No Covid 19 Transmission Through Breast Milk

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A lot of research has come out regarding Covid 19 and more studies are coming out every other day. A recent study with respect to Covid 19 and breast Milk has revealed that there is no evidence of infected mothers transmitting SARS-CoV-2 through breast milk to their babies.

The study was published in the journal Pediatric Research. In the study, the researchers from the University of California claim that whilst a low proportion of breast milk contained COVID-19 genetic material, this did not translate into the presence of infectious replicating viral particles or lead to evidence of clinical infection with SARS-CoV-2 in breastfeeding infants.


They analysed breast milk samples from 110 lactating women who donated to the Mommy’s Milk Human Milk Biorepository at the University of California, San Diego between March and September 2020. Of the mothers, 65 had a positive COVID-19 test, while nine had symptoms but tested negative, and 36 were symptomatic.

Lead author Paul Krogstad and colleagues found SARS-CoV-2 genetic material (RNA) in the breast milk of seven women (6 per cent) with either confirmed infection or who reported being symptomatic. A second breast milk sample taken from these same women between one and 97 days later did not contain any SARS-CoV-2 RNA. They said that they also did not come across any infectious SARS-CoV-2 genetic material known as SgRNA, which is an indicator of virus replication, in the seven breast milk samples. There was no clinical evidence of infection in the infants who were breastfed by the seven mothers with SARS-CoV-2 RNA in their milk.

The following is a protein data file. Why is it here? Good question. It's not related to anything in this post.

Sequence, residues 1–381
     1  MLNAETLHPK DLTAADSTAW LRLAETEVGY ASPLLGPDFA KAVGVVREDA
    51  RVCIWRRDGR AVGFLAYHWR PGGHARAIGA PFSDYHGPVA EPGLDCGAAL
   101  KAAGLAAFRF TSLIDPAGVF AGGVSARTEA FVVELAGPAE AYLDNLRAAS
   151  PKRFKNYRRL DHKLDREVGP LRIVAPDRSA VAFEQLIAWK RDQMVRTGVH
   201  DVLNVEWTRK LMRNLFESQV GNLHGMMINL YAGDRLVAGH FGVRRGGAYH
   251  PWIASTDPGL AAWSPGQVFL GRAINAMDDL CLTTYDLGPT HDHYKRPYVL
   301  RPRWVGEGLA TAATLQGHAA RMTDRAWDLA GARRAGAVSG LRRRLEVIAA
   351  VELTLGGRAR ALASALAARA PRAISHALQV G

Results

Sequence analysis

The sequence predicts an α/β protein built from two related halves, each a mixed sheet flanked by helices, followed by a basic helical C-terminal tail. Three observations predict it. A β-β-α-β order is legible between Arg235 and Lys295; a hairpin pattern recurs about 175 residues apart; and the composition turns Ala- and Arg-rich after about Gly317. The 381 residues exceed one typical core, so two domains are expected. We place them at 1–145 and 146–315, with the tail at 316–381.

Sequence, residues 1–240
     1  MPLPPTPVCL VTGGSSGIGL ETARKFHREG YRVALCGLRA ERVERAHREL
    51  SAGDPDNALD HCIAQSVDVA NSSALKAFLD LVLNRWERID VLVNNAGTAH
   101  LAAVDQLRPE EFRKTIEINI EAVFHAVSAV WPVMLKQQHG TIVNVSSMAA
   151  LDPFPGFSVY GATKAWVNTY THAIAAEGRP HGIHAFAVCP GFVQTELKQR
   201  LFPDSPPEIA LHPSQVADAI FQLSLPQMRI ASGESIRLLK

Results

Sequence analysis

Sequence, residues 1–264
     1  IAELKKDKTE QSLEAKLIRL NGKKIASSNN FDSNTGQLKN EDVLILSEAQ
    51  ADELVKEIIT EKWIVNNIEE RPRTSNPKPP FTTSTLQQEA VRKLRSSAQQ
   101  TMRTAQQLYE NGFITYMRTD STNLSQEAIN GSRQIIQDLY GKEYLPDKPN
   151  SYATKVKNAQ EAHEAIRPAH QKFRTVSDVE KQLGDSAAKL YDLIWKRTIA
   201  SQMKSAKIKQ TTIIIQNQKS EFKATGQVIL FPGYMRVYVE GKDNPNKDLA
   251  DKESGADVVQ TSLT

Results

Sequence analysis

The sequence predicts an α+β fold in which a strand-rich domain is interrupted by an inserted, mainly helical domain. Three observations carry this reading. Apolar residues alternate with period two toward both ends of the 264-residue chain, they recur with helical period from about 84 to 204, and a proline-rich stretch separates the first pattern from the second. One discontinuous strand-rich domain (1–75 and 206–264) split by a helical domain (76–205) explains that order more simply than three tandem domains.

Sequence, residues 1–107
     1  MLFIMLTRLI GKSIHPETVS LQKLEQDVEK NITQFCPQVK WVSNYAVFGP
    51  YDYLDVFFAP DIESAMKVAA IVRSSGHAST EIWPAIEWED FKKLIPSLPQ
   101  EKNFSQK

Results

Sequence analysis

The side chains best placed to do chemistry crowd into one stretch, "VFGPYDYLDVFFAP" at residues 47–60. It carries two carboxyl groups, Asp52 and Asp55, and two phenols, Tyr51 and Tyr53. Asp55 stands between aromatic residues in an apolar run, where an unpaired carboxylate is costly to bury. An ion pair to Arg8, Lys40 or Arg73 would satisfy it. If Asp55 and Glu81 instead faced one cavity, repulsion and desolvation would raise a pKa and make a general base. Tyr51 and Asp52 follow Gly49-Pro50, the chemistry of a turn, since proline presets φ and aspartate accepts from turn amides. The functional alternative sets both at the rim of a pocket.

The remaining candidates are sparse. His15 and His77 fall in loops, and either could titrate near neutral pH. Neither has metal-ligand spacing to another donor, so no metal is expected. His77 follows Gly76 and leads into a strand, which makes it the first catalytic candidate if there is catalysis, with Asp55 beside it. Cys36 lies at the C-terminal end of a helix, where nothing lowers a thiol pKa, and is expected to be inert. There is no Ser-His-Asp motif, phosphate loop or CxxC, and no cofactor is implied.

Despite the study, the authors said that the sample size was low in this study and may not capture all the potential factors that predict the presence of SARS-CoV-2 RNA in breast milk. However, they claimed that the study was one of the largest at this time to analyse breast milk and provides evidence that breastfeeding from women proven or suspected to have had SARS-CoV-2 infection does not lead to COVID-19 infection in their infants.

Paul Krogstad, said: “Breastmilk is an invaluable source of nutrition to infants. In our study, we found no evidence that breast milk from mothers infected with COVID-19 contained infectious genetic material and no clinical evidence was found to suggest the infants got infected, which suggests breastfeeding is not likely to be a hazard.” The authors conclude that their study adds to the evidence that women who are infected with COVID-19 and are breastfeeding their child have no risk of transmitting the virus through their breast milk.



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